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Confidence in retirement remains weak despite improving economy

May 28, 2014

Aegon's third global Retirement Readiness Survey highlights that despite improving economic sentiment, there is a continuing widespread lack of confidence that retirement will deliver the benefits people hope for.

  • Despite the improving economy people still have little confidence that they will be able to retire with a lifestyle they consider comfortable.
  • There is a strong need for people to save for their retirement. This is underlined by the Aegon Retirement Readiness Index score of just 5.8 out of 10.
  • People expect to work longer and the report advocates that flexibility will become the new model for retirement. Only 32% of employees now expect to stop work completely at retirement age.

These are the main findings of Aegon's third Retirement Readiness survey, an investigation in 15 countries, from China to the US, into what's on people's minds when they think about retirement. The 2014 survey, published today, shows that people have clear concerns about their retirement. They do not feel sufficiently prepared and, worryingly, they are not acting on it.

Positive aspirations for retirements

People continue to hold positive aspirations for retirement, with many associating retirement with leisure (46%) and a sense of freedom (41%). But one-third (34%) of employees are pessimistic about having enough money to live on in retirement, and just 19% are "very" or "extremely" confident that they will be able to retire with a lifestyle they consider comfortable. This confidence is especially low in Europe, with the figure in France just 6% and in Poland 4%.

Only one in six (18%) expects to be better off in retirement when compared to current retirees. Particularly in Europe and North America people fear that the sort of retirement currently being enjoyed by their grandparents or parents won't be available to future generations. In the future, retirement will come to be defined very differently. In particular, it will require a larger role for paid employment as the notion of retirement becomes more flexible.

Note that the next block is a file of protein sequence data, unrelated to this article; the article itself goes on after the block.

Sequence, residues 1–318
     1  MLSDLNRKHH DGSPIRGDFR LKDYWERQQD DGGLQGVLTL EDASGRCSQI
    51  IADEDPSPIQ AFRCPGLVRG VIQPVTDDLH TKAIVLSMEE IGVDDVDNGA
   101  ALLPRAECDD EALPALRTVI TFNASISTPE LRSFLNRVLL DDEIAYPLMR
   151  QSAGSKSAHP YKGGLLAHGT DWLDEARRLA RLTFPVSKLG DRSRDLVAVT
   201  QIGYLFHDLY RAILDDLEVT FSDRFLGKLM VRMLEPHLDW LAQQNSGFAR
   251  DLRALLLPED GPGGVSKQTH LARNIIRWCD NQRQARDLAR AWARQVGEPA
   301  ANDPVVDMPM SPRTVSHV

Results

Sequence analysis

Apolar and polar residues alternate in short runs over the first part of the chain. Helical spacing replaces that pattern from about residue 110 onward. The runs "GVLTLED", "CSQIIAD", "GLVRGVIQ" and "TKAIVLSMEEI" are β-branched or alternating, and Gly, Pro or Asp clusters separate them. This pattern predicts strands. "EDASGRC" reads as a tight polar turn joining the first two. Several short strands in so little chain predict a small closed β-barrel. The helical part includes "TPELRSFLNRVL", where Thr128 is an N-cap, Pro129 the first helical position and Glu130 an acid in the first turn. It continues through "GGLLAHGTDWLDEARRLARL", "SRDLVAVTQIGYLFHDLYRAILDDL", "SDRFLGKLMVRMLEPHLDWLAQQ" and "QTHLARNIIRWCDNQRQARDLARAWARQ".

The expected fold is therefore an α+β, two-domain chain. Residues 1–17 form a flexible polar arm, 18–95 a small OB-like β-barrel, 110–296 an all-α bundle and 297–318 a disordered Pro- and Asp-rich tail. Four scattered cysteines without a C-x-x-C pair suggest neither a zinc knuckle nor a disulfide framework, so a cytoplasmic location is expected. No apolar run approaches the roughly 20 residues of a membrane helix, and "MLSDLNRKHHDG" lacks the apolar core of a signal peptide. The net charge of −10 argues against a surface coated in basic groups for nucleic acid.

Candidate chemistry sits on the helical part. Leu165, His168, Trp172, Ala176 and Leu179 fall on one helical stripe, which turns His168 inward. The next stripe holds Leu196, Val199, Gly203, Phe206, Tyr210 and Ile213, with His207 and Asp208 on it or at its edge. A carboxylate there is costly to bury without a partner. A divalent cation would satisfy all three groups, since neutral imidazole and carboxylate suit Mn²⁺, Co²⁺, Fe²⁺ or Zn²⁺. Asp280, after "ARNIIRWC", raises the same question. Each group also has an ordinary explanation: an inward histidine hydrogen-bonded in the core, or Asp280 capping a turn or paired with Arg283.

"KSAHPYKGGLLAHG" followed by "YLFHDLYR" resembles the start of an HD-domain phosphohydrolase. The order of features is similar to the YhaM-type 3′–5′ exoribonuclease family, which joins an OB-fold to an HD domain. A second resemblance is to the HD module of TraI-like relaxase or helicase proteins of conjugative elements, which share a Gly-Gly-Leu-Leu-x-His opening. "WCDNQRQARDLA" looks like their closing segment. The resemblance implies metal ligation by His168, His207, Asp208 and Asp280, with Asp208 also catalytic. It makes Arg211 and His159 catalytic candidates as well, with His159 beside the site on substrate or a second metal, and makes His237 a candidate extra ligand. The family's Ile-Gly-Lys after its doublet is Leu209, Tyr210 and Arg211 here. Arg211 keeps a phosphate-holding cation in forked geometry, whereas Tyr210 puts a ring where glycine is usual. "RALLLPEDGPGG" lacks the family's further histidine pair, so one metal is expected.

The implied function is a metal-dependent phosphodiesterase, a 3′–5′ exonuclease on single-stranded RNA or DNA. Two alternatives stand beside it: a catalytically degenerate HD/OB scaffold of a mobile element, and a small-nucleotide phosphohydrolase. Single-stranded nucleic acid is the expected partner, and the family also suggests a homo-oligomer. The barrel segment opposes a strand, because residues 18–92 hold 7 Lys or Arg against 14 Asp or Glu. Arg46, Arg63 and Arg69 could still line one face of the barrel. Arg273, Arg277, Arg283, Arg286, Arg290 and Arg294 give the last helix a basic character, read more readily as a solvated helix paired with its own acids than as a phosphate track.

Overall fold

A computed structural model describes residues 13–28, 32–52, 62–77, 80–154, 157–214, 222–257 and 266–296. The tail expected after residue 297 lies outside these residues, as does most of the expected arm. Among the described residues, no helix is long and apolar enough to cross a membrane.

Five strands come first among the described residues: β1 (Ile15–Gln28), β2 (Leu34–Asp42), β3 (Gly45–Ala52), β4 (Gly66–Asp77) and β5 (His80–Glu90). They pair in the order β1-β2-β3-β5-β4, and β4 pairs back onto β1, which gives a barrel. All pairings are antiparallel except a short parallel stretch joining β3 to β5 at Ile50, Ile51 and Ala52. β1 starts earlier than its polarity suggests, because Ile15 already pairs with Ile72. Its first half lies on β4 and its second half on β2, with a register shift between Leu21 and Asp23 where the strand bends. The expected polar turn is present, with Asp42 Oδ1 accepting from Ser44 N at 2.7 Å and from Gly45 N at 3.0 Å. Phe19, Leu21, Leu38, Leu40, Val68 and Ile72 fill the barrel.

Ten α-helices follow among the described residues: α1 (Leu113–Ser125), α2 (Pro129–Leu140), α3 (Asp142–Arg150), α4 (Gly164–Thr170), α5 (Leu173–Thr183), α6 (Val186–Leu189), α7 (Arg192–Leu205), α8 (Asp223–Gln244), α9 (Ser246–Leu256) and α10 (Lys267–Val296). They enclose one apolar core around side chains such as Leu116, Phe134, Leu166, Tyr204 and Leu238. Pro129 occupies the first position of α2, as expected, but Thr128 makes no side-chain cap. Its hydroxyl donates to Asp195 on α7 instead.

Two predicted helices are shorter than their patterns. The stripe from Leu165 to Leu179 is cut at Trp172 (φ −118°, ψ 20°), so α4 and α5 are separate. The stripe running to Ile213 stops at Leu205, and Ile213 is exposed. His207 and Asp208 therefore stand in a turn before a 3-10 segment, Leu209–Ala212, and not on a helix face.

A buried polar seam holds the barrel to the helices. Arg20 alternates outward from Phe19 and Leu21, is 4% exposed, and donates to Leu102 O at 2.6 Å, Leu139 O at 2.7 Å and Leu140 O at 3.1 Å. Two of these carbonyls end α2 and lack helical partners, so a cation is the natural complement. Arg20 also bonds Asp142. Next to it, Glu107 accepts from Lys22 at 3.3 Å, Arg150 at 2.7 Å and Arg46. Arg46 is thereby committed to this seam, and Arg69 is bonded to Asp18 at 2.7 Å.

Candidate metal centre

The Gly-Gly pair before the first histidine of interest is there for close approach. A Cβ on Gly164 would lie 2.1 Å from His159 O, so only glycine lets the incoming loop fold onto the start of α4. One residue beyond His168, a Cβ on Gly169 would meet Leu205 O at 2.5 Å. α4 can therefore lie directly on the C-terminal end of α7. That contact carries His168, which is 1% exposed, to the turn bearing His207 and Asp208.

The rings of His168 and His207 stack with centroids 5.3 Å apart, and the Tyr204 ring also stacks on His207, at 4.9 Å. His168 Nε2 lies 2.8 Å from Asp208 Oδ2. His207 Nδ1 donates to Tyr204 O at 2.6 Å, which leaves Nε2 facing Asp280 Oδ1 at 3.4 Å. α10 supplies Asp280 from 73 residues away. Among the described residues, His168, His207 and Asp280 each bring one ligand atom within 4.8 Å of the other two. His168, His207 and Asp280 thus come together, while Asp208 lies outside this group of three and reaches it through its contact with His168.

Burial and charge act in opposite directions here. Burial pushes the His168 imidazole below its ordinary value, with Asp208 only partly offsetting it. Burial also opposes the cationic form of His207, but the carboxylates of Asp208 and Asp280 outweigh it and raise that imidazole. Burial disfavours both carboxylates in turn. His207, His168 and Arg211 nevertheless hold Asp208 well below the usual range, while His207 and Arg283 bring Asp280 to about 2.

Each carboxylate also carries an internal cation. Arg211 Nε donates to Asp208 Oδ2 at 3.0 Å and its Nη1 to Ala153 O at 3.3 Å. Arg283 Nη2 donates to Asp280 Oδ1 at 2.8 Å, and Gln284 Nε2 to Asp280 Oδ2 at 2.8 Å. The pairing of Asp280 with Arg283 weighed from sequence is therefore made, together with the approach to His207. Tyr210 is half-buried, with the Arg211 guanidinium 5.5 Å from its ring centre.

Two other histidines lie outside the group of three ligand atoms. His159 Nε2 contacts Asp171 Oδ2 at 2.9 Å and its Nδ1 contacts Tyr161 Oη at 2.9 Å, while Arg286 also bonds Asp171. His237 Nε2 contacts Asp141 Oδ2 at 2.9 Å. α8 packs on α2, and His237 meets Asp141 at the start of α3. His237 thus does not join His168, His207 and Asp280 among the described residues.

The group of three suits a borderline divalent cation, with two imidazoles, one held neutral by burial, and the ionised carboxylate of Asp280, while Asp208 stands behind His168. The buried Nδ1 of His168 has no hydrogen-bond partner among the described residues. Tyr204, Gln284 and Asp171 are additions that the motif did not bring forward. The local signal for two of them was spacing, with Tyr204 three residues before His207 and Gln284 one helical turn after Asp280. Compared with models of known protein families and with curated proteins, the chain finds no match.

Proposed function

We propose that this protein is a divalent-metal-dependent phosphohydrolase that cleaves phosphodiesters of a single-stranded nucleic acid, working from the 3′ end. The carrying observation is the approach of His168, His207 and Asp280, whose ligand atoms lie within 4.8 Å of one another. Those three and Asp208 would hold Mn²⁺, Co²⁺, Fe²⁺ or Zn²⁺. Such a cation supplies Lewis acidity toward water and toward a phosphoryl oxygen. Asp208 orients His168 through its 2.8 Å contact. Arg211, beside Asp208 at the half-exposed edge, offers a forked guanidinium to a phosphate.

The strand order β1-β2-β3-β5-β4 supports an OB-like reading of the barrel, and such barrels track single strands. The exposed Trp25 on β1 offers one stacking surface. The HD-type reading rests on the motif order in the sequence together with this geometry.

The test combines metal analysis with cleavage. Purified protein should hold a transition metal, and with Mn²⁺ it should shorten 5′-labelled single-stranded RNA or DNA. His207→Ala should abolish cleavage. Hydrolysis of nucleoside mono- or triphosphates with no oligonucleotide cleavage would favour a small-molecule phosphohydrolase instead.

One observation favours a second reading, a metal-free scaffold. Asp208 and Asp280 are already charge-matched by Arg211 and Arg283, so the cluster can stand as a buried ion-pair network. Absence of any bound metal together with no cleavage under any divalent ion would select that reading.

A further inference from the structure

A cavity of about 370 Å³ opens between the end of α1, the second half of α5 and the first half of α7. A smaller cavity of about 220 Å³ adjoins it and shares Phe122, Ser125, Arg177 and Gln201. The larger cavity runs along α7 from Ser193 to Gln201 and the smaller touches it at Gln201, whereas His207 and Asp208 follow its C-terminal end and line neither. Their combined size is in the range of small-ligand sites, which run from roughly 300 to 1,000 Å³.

Aegon 2014 Retirement Readiness IndexThe Aegon Retirement Readiness Index captures the level of retirement preparedness in a comprehensive manner. The Index has improved versus last year, but the overall Index score remains just below 6 out of 10. This score shows that overall preparedness is low and people need to do much more to become ready for retirement.

A key message from this year's survey is that there is a strong need for people to plan for retirement. The best way is to start early and save regularly. While 34% of "habitual savers" achieved a high Index score, 82% of "non-savers" found themselves with a low Index score. The priority must be to encourage more people to start long-term saving, and to save regularly as part of a comprehensive retirement strategy.

Make retirement planning easierActions can be taken to simplify saving

The Aegon report recommends that the solution lies in making retirement planning easier. Financial constraints on households continue to explain why some people are not saving enough for retirement. Only 28% of employees say they have enough money to invest for their retirement. Faced with these financial realities, governments, employers and pension providers have a shared responsibility to help people plan for their own retirement by making the process as easy as possible and providing the right (tax) incentives to save.

Employers have a dual role to play – in providing both financial support in the form of workplace pensions and other workplace savings products, as well as services such as online retirement planning tools or workplace financial advice. Overall, 63% of employees say that they find the prospect of being automatically enrolled into a workplace pension appealing.

The financial services industry can also play a role, given that 21% of respondents say that they would save more if products were simpler and easier to understand.

Transition into retirement expectedFlexible retirement

A third key message from the survey is that flexibility will become the new model for retirement. The Aegon report advocates to embrace active aging and working longer. Many current employees already expect to have some kind of phased transition into retirement, with 29% claiming that they will change the way they work once they enter retirement by working part-time before they give up work altogether, and 17% planning to move to part-time work for the duration of their retirement. Only 32% of employees now expect to stop work completely at retirement age.

It is clear from the findings that employers will need to do more to support flexible retirement. Currently, only 23% allow their employees to go first into phased, part-time retirement and only 12% offer retraining. Furthermore, 52% of employees say their employers currently don't provide enough information or support to help employees transition into retirement.

Written by: Aegon